Jon Kolko on Using Evaluation and Testing to Improve a Design School

In Chapter 20 of 21 in his 2012 Capture Your Flag interview, design educator Jon Kolko answers "What Roles Have Evaluation and Testing Played in Building Your Design Graduate Program?"  Kolko details how testing, evaluation, assessment and feedback are honing the Austin Center for Design program.  Kolko details the iterative and collaborative process that is taking place in Austin as the school matures and improves how it operates and educates. 

Jon Kolko is the founder and director of the Austin School for Design.  He has authored multiple books on design, including "Wicked Problems: Problems Worth Solving."  Previously he has held senior roles at venture accelerator Thinktiv and frog design and was a professor of Interactive and Industrial Design at the Savannah College of Art and Design (SCAD).  Kolko earned his Masters in Human Computer Interaction (MHI) and BFA in Design from Carnegie Mellon University.


Erik Michielsen: What roles have evaluation and testing played in building your design graduate program?

Jon Kolko: So we've treated the building of Austin Center for Design as an iterative design exercise and part of that process is testing it with real people. And so, we treated our first cohort as co-designers and to their faces I called them co-founders and I think that the majority of them would agree that they're co-founders in the venture. The venture is a non-profit. They don’t literally own equity in it and neither do I, but they own decision-making power. And it wasn’t all democratic but there was certainly a lot of things that we changed as a result of both explicit feedback, implicit feedback, observation assessment.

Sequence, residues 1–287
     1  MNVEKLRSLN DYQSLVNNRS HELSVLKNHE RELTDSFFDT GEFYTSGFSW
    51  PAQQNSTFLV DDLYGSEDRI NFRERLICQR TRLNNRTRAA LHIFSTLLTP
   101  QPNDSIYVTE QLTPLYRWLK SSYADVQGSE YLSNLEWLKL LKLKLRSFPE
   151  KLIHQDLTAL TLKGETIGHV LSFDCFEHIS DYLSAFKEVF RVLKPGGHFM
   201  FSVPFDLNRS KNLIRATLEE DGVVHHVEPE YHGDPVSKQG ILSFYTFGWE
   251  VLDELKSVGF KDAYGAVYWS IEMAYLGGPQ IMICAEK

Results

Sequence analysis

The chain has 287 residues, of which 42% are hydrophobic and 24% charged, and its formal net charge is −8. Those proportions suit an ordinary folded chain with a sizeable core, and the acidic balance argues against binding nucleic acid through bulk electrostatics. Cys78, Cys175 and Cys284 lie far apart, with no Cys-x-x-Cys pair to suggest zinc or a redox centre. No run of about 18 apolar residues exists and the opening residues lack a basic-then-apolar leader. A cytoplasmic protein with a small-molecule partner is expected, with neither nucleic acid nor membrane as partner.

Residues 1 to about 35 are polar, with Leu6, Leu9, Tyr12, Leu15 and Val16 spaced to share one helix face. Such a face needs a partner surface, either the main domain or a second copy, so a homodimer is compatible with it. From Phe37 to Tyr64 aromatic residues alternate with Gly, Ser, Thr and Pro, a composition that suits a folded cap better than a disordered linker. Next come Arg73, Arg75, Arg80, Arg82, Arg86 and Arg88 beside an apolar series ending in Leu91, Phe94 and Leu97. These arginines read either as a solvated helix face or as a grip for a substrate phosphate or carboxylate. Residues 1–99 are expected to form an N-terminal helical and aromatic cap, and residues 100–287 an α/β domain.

And so I think testing—so testing means different things to different contexts but I think it always means trying something, and learning from it and then iterating on it. And in this case, we tested the pedagogy: how we were actually going about teaching and learning. We tested the entrepreneurial idea, the notion that when you leave the program, you’ve started a company. We tested some professors who had never taught before. We tested some course content that had never been sort of used before. And like anything else with testing, we failed a bunch of times and that’s the point. I mean, so, arguably it's better this year and arguably it will be better next year.

What's really nice about being a new school is that if you're not dealing with bureaucratic organizations like accrediting bodies, you can change on a dime. That changes when you're dealing with those organizational bodies and probably in my future, I will deal with those organizational bodies because there's a huge benefit to them. But at least for the time being, it means that I can hone this program, content notwithstanding because the content is always going to change but I can hone the structure of the program until I feel like there's evidence for it being really, really good. As always with evaluation, you sort of take it with a grain of salt. And so, there’s things that I just have pushed back on as changes that were suggested and there’s things that I completely didn’t think of that students were like, “Hey! We should be doing it like this. Why aren’t we doing it like this?” So now we're doing it like that.”

There is something sort of really, really nice about building a program together with the people that are benefiting from it. I wasn’t expecting that at all when I started it. I never really thought of this as like, I guess I do think of it as like, it's my thing but I've never felt overly protective of it from outside feedback but I was not ready for how much benefit I got from that outside feedback, I think is what I'm trying to say.